Disney: The worst is over, DTC impresses, stock is still cheap (NYSE: DIS)
Disney (NYSE: DIS) shareholders had long expected these results. And those results were as bad as expected, but not worse.
Looking ahead, there’s plenty to be optimistic about Disney. Disney’s direct-to-consumer strategy not only continues to impress, but Disney is now developing a new streaming platform in international markets.
With the amount of negativity already embedded in its stock, Disney should generate upside potential of at least 30% over the next two years, returning to at least former highs.
Disney’s worst quarter is now over
Source: author’s calculations
Disney was one such company at the epicenter of COVID-related disruptions. Even if the skies aren’t clear as of now, these Q2 2020 results are probably as rough as you can get.
That’s not to say Q3 2020 will see a dramatic improvement over Q2, but there should still be “less bad news”.
From an investor’s perspective, “less bad news” is good enough to make this investment attractive.
Eyes glued to Disney+ – and now Star?
Investors had their eyes on the number of Disney+ subscribers which reached 58 million at the end of June and was within reach of 62 million at the start of this week. Investors were watching these numbers very carefully.
Remember that Netflix’s own (NFLX) forecast for Q3 2020 is close to 200 million. As a result, after years of heavy promotion, Netflix is hitting a number that Disney is able to quickly sweep out of nowhere and make great strides towards.
Indeed, for so long, investors have doubted Disney’s efforts to launch its own DTC, saying that even if Disney had high-quality content, it had no way to reach consumers. Opponents argued that while “content is king”, high-quality content without strong distribution was of little value, and were unwilling to give Disney the benefit of the doubt.
Fast forward a little over a year and Disney has passed the low end of its 2024 subscriber goal – about four years earlier; while showing no signs of slowing down.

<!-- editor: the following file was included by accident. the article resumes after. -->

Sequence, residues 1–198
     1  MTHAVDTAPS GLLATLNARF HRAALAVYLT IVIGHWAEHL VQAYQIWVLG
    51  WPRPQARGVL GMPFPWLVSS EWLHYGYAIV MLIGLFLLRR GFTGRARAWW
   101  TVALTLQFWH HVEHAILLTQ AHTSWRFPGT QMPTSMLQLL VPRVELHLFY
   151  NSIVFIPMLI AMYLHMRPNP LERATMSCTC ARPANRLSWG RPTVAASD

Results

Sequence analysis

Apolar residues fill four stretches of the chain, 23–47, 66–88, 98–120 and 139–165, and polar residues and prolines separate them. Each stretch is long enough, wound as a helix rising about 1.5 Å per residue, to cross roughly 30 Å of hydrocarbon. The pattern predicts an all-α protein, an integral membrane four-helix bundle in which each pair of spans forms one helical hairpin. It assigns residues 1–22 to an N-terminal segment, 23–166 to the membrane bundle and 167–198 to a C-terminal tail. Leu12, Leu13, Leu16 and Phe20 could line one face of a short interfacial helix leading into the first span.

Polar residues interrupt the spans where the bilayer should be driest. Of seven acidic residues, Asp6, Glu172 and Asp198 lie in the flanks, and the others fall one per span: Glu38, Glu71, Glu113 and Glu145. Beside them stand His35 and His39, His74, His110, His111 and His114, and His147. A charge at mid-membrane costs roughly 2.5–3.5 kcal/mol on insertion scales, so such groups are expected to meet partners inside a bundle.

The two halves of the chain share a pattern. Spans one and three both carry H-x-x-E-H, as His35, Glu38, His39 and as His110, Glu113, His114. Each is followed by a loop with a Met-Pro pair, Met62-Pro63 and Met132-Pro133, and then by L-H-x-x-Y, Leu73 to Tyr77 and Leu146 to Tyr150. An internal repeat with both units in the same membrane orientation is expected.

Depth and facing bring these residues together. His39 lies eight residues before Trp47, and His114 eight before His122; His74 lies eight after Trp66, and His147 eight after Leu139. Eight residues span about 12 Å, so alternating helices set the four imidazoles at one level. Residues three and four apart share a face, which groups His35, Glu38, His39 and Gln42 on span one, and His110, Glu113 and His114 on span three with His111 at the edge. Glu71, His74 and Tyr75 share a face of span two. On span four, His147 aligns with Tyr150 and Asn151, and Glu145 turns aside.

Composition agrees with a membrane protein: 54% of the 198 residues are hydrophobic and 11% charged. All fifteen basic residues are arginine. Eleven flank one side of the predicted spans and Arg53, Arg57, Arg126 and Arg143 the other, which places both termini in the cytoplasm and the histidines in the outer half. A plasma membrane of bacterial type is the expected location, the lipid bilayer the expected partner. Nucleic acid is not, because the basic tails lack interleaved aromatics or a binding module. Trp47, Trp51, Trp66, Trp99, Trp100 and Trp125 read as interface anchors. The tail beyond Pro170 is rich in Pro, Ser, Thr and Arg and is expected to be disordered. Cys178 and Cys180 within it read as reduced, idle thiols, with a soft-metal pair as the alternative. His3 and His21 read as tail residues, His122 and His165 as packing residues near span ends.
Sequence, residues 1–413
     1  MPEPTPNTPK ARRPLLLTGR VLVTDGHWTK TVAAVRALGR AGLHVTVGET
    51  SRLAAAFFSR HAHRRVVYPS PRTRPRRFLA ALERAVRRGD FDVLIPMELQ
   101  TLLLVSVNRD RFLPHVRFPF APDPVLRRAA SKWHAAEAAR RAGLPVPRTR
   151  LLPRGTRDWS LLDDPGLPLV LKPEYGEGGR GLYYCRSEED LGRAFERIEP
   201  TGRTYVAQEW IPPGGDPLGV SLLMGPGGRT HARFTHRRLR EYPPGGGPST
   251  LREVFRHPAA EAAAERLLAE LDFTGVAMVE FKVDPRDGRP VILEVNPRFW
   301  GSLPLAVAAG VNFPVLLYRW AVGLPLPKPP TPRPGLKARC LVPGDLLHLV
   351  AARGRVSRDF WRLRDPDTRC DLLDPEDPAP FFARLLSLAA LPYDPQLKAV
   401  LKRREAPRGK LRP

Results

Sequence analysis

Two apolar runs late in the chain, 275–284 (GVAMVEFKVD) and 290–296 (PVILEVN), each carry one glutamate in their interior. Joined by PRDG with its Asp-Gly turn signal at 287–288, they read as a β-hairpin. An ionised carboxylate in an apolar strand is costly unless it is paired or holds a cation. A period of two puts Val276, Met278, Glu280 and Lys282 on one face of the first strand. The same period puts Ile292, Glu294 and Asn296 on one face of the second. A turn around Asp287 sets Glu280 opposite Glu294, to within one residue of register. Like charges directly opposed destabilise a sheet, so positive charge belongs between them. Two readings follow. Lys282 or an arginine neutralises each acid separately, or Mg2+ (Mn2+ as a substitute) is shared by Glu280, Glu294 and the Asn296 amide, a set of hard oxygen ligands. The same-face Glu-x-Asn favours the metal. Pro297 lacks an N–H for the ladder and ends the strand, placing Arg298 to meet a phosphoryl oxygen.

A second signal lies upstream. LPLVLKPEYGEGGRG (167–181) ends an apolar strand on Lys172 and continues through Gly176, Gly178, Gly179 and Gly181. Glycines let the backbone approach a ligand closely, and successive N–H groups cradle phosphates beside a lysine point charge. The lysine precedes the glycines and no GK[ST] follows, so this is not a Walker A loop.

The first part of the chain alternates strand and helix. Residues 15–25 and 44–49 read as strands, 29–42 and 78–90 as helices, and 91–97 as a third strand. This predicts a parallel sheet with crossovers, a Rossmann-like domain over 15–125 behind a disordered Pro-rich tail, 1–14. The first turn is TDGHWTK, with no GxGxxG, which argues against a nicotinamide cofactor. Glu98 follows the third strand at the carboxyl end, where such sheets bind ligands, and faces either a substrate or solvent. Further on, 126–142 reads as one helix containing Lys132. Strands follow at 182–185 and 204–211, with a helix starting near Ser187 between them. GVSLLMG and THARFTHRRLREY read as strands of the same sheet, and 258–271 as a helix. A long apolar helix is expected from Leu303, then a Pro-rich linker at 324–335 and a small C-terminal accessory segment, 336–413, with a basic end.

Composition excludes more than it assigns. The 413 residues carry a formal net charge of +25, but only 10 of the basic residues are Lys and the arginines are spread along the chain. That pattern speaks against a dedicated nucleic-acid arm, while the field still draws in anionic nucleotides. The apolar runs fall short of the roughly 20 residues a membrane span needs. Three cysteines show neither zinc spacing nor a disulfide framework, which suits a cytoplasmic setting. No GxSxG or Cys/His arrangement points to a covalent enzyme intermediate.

As a reminder, Disney+’s strategy is to increase the number of subscribers. This surfaced on yesterday’s call. At this time, Disney has no plans to significantly increase prices on its Disney+ platform or achieve profitability – the goal is growth.
Also, let’s not forget that while Disney+ is making headlines, Disney also has distribution for Hulu and ESPN+. In total, Disney’s comprehensive portfolio of direct-to-consumer platforms now has more than 100 million paid subscriber numbers.
In fact, looking to the future, Disney will launch its “Star” brand in international markets. Unlike Hulu which aggregates third-party content, Star will have ABC, Fox TV, FX, Freeform, Searchlight and 20th century studios.
Valuation — Addressing Upside Potential
As a value investor, one of the first rules you need to focus on is difference between risk and uncertainty, right? Rational, unemotional investors would most likely agree that there isn’t much risk in investing in $220 billion Disney.
Also, from an investment perspective, I remain intrigued that Netflix and Disney are trading at essentially the same $220 billion valuation.
In Disney’s case, you get all the high-quality Disney-produced content, but you also get the revenue stream that typically generates significant free cash flow – Parks, Experiences and Products, and Media Networks.
Also, let’s keep in mind that Netflix is a pure-play streaming platform in the midst of a visceral streaming war, and we don’t know if Netflix will maintain its victorious position or end up being a victory. Pyrrhic.
From an investor’s perspective, Disney is not without its problems either. Because even setting aside COVID-related issues, such as park closures, investors are unlikely to be rewarded with a strong growth opportunity.
That said, this is where the investment gets really interesting: I argue that investors have become obsessed with strong growth opportunitiesand get rid of a perfectly strong free cash flow generating asset.
Realistically, on the one hand, we have to say that it will be some time before Disney gets back to generating free cash flow at a level close to that seen in fiscal year 2018, when cash flow Disney’s free cash flow was just under $10 billion.
On the other hand, Disney opted for growth rather than high free cash flow, and investors will reward a higher growth driver than a company producing slow growing free cash flow.
Investors should at a minimum expect Disney to have 30% upside potential and return to former highs over the next two years.
Disney’s Q2 2020 period is now over and it should only get better from now on.
Looking ahead, while we still don’t know how long until Disney Parks resumes at full speed, we can be reasonably confident that within the next 18 months Disney will be close to operating at full speed. .
However, the icing on the cake is that investors currently know that Disney’s DTC strategies are working and gaining tractionquick.
Given that the market is still looking forward, I suspect that twelve months from now investors will be thinking about 2022, and by then Disney will be back at full steam, while having a very strong line in DTC. This stock is a worthy addition to a defensive portfolio.